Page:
Beyond Belief

DAVID ALLEN/Zahra Noorbakhsh/Courtesy

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A Cal alum and a Bay Area stand-up comedian, Zahra Noorbakhsh is debuting her one-woman show "All Atheists are Muslim" at the Stage Werx Theatre in San Francisco this Sunday. The Daily Californian sat down with Zahra to talk about her new show, stand-up and Islam.

Daily Californian: Your comedy career started when you where a student at UC Berkeley. How did you go from being a Cal student to a stand-up comic?

Zahra Noorbakhsh: The first year that I was at Cal, I was a transfer student living at Clark Kerr. There was an open-mic night, and I had always wanted to do stand-up comedy ... and, well, William Hung was there, because he was in our same dorm. There was a ton of press for (him) ... And after he's done ... I went up and I just told stories about my family, and that was my first ever stand-up comedy experience.

DC: Your new show "All Atheists are Muslim" is about a young woman trying to convince her Islamic parents to allow her to move in with her white, atheist boyfriend. How much is fact?

ZN: 99 percent.

DC: How is a stand-up routine different from solo performance?

ZN: It's different in a lot of ways. One of the reasons I moved into solo is because it allows you to have a lot more room to say things that are meaningful, but that aren't necessarily funny. One of the hardest things in stand-up was that it was really difficult for me to just let myself talk about things that I was pissed off about that I hadn't found the humor in yet ... That's where my director, W. Kamau Bell, was really fantastic. (His San Francisco Solo Performance Workshop) was about saying what you where afraid to say, and building from that something that was personal and meaningful. People are always harping on "why aren't there more female comics?" There are plenty of phenomenal female comics, but we are just finding our way there also. It's still very hard to say what we feel-and growing up Muslim, (speaking out) was not something that was popular. And it's gotten so much worse now, surprisingly.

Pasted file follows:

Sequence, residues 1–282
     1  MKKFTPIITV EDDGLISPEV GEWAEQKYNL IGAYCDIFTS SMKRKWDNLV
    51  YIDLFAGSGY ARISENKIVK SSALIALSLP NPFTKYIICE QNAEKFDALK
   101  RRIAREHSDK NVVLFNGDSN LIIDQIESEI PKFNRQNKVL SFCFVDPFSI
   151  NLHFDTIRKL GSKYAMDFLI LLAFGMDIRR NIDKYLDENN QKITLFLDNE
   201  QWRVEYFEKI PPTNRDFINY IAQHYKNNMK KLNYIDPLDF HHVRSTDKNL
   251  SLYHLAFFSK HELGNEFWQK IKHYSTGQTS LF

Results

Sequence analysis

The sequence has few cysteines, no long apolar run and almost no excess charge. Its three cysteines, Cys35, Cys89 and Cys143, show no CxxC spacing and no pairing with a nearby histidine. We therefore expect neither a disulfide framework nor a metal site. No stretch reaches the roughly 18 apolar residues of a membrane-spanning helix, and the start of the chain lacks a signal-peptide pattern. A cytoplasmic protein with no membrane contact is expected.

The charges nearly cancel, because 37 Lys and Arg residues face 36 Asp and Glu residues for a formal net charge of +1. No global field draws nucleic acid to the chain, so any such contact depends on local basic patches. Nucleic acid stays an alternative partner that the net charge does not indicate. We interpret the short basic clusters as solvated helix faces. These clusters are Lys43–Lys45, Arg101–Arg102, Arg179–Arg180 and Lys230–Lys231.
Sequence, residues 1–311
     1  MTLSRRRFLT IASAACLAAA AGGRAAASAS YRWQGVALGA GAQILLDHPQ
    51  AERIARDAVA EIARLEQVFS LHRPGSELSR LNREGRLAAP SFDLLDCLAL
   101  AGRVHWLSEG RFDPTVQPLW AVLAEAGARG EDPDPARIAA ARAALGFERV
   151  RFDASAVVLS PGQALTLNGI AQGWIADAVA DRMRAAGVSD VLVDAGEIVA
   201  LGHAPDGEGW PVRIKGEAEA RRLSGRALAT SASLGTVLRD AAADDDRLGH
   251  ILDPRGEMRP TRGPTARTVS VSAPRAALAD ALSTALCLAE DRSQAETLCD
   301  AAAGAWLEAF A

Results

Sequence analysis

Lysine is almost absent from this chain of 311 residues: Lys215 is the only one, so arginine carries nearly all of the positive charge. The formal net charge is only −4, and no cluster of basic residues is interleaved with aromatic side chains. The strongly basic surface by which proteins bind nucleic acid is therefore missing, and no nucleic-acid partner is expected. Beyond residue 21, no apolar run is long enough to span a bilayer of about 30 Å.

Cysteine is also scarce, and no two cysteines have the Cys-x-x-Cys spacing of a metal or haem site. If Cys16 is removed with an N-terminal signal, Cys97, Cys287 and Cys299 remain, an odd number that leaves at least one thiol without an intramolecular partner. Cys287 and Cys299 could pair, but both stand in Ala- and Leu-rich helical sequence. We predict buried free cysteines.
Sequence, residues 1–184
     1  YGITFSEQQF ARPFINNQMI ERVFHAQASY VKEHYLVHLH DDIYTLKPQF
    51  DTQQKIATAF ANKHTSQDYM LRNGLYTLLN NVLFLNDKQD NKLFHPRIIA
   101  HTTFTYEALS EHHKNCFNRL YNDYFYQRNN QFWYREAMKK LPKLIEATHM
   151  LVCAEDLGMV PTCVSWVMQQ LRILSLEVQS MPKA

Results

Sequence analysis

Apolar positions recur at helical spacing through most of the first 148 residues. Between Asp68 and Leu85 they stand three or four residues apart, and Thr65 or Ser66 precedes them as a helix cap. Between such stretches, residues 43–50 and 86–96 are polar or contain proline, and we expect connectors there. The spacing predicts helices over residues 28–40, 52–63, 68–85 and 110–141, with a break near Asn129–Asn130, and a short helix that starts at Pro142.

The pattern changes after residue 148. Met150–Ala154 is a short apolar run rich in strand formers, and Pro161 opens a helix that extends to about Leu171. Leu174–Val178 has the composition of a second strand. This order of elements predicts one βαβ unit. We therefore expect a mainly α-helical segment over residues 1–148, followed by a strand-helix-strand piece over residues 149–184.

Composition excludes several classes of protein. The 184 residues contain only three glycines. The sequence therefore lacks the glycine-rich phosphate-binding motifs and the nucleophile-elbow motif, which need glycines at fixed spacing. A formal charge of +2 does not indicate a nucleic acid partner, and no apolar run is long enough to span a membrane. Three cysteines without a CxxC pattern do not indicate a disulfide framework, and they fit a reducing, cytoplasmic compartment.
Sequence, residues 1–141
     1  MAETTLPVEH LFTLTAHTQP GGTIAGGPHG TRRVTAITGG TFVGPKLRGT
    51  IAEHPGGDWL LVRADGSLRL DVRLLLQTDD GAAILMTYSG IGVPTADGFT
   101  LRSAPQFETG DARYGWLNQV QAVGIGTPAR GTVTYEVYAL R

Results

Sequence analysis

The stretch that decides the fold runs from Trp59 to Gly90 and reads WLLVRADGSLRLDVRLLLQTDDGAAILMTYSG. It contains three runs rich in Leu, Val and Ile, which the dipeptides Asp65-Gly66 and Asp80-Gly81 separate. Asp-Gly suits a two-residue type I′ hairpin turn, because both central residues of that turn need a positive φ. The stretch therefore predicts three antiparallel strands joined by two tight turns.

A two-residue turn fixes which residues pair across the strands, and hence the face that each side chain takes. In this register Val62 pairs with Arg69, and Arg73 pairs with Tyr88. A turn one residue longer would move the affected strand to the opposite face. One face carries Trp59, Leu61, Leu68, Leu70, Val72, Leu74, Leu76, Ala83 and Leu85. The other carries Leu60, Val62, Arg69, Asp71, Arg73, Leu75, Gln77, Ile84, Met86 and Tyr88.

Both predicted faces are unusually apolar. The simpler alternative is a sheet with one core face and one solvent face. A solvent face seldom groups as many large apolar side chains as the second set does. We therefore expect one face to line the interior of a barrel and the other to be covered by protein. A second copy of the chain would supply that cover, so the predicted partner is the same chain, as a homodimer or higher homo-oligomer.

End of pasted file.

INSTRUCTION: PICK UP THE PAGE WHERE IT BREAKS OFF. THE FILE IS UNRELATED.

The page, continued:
DC: Obviously there is a political or social agenda behind your comedy. Do you believe that what you are doing can really change people's minds?

ZN: This is the hope...I want to give Islam a face that is not these psychotic Taliban sociopaths.... I didn't choose that representation. And although they are not in any way the majority of the population- they become the majority. The majority is like me. And why aren't we represented more?

DC: Has anyone, any Muslim people, been offended by your comedy?

ZN: Yes, actually. It's tricky ... One thing that people don't realize is how hard it is to practice your religion when you're Muslim ... the whole fanfare of this country is around freedom of speech ... but it is just so difficult to practice (Islam) without it being scrutinized and political ... you don't want to be called out (as a Muslim) any more than you are already, so why would you go to a show that could possibly make fun of you? It's a delicate subject. I want them to come and celebrate in it with me ... It's supposed to be Muslim-friendly.

DC: What's next for you?

ZN: I would like to just keep performing. For long-term goals: I'd like to lift the embargo off Iran, get Fox News blown off the map (can I say that?) ... and just be another version of someone who is Muslim and who is Iranian and who feeds her cats and goes to the grocery store and has troubles with her boyfriend and argues with her parents, and is just trying to make it work.


Arielle is the lead theater critic. Contact her at alittle

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